Submitted by Dr. Allen Place

In the coming years, conventional agriculture will fall short of meeting global protein requirements. Today, fishmeal is considered a gold standard protein ingredient in pet food and livestock feed due to its amino acid composition and digestibility characteristics. However, the global supply of fishmeal is capped at 5-7M tons per year because there are limited fish in the sea. Volatile prices and environmental concerns have left many investors and consumers seeking alternatives to fishmeal, a market worth $9.5B annually. Insect farming could help fill growing gaps in agricultural supply chains. Many commonly farmed insects boast fast growth cycles, high fecundity, minimal water requirements, and an ability to consume a variety of agricultural byproducts and waste streams. Research trials have shown that the amino acid profiles and digestibility of these species could make them an ideal ingredient in the $25B pet food market and the $100B aquaculture feed industry.

Superworm (Zophobas morio) larvae as an alternative to fishmeal. Image sourced from Wikimedia Commons.
Recent feed trials comparing fish growth against percentage of insect meal replacement in Atlantic salmon. Click on the image to view a presentation from the 2020 RAS-N workshop.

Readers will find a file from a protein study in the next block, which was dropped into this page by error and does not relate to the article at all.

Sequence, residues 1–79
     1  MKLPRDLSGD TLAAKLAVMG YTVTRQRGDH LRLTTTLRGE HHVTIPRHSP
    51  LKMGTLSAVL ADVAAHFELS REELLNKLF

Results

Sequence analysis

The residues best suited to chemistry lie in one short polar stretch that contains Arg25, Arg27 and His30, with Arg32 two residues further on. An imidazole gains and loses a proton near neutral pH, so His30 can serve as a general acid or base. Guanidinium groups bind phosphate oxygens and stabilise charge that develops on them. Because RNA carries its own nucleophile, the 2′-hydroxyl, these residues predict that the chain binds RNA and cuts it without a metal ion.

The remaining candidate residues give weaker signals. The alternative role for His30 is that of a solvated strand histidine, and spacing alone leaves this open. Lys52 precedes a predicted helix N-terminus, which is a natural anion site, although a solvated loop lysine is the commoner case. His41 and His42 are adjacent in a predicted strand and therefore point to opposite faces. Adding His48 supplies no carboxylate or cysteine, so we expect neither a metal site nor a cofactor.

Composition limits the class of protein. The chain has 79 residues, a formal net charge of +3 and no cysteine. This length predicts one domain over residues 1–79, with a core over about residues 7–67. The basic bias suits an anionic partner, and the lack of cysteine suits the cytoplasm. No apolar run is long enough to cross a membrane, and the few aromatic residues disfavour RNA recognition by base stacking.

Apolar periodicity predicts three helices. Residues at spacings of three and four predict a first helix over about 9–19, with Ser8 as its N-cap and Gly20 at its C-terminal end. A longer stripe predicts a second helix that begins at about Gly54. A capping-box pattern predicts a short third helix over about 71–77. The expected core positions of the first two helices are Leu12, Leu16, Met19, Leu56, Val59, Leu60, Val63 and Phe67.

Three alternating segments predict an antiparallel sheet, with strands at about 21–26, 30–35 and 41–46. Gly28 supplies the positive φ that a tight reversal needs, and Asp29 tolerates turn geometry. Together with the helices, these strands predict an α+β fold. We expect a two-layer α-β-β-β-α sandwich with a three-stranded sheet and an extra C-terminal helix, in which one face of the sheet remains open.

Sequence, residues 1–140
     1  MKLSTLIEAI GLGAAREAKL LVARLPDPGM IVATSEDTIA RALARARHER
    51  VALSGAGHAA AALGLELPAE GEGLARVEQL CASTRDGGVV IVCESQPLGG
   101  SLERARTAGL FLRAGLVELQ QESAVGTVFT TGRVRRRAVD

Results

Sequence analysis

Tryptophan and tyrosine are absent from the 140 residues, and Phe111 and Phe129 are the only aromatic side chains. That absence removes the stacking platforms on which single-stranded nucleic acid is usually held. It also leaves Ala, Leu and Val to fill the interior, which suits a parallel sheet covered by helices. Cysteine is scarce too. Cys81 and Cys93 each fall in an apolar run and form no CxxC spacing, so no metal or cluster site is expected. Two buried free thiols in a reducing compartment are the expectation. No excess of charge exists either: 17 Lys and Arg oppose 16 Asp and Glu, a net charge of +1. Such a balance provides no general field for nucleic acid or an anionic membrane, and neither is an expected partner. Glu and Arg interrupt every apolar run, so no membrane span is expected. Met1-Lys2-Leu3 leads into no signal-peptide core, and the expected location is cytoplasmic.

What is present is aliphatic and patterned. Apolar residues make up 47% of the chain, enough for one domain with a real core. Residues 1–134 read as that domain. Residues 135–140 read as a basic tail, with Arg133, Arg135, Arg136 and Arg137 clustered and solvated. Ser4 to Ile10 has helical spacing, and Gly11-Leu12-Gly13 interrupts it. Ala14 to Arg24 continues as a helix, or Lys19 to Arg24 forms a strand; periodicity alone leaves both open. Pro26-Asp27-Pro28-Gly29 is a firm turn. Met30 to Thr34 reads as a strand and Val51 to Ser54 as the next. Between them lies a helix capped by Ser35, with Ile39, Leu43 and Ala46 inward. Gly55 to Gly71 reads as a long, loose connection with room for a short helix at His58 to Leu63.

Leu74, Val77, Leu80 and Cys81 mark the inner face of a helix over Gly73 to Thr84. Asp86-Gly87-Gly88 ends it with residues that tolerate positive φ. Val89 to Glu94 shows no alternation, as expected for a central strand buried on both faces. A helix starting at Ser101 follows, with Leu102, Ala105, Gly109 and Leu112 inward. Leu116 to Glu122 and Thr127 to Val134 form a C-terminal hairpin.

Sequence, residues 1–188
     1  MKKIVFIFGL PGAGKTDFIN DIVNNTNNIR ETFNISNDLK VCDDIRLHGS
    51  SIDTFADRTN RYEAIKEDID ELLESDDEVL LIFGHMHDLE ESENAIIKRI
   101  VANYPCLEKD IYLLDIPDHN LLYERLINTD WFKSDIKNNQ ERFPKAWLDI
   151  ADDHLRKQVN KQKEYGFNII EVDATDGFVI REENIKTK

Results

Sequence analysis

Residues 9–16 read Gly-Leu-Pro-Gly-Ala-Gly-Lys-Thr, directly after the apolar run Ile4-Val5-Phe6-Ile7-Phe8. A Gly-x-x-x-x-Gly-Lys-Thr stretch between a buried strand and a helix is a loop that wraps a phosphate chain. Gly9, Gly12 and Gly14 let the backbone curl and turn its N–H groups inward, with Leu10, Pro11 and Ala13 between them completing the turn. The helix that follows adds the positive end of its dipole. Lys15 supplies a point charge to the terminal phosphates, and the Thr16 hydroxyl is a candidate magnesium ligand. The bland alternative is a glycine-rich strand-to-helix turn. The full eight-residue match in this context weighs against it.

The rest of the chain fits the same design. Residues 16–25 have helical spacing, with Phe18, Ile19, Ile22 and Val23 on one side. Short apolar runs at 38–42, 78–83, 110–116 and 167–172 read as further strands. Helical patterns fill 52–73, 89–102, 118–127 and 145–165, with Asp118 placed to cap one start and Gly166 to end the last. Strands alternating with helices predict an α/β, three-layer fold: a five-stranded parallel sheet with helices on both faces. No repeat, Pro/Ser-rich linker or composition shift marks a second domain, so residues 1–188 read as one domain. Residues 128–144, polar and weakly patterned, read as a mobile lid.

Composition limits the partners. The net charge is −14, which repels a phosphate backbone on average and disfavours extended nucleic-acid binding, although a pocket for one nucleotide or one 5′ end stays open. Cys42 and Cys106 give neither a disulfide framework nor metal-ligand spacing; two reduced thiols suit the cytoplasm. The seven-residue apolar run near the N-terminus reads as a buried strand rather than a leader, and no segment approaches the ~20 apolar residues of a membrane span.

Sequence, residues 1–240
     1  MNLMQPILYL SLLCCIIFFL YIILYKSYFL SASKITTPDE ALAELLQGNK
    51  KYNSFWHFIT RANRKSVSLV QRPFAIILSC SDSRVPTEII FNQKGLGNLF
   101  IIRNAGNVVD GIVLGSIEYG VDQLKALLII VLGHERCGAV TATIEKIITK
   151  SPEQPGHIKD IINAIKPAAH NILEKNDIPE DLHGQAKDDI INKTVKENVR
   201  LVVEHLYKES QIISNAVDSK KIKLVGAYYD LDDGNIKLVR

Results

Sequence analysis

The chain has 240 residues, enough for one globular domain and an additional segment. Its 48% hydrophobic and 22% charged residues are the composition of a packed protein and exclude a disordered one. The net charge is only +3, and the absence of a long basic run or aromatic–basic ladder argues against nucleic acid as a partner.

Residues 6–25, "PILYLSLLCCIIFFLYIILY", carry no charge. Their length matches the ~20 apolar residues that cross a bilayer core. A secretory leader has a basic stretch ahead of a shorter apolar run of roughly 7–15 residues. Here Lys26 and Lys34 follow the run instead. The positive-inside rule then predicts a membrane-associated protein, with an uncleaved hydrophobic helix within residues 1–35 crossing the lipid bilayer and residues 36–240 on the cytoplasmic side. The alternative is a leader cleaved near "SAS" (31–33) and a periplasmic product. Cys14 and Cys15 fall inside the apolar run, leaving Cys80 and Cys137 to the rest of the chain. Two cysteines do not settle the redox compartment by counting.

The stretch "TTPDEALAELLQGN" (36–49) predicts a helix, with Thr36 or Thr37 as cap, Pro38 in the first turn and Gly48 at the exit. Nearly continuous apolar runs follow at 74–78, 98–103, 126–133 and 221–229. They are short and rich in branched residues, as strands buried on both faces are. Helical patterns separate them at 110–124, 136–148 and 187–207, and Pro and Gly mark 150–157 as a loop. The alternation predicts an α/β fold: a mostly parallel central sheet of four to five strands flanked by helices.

Prior work from the Place laboratory (Watson et al. 2013a; Watson et al. 2013b, Watson et al. 2014) at the Institute of Marine and Environmental Technology has shown complete fishmeal/fish oil replacement is possible through judicious choice of ingredients, most importantly with the inclusion of taurine when using plant protein sources. The Place laboratory has worked with Instar Farms to investigate the possibility of using mealworms (Tenebrio molitor) as replacement for fishmeal. This work has resulted in a shortening of the production schedule, an improvement in the amino acid content of the insect meal, and establishment of secondary products from the waste material (e.g. chitin). This collaboration has resulted in a clear feasibility in replacing all the soy protein in a commercial diet (25% by weight) for Atlantic salmon. Unfortunately, the current production level for T. molitor would severely restrict its wide acceptance as an aquaculture feed ingredient. A new commercial partner, Ovipost, grows superworms (Zophobas morio) which alleviates this bottle neck because of higher production yields. Dr. Allen Place will present data on using these insects in attaining a fishmeal/soybean free aquaculture diet for salmon at AQUA 2022 triennial meeting of the World Aquaculture Society.

Referenced citations:

Watson, A. M., Barrows, T., F., and Place, A. R. (2013). An Evaluation of Commercially
Available Alternative Lipid Sources in a Plant Protein Based Diet for the Marine Carnivore Cobia, Rachycentron canadum Lipids
Sep;48(9):899-913. doi: 10.1007/s11745-013-3814-2.

Watson, A. M., Barrows, T., F., and Place, A. R. (2013). Taurine Supplemented Plant
Protein Based Diets with Alternative Lipid Sources for Juvenile Gilthead Sea Bream, Sparus aurata
. Journal of International Fisheries and Aquaculture 4 (1): 59-66. 

Watson, A. M., Barrows, T., F., and Place, A. R. (2014). Effects of Graded Taurine Levels
on Juvenile Cobia, Rachycentron canadum
. North American Journal of Aquaculture 76:3, 190-200.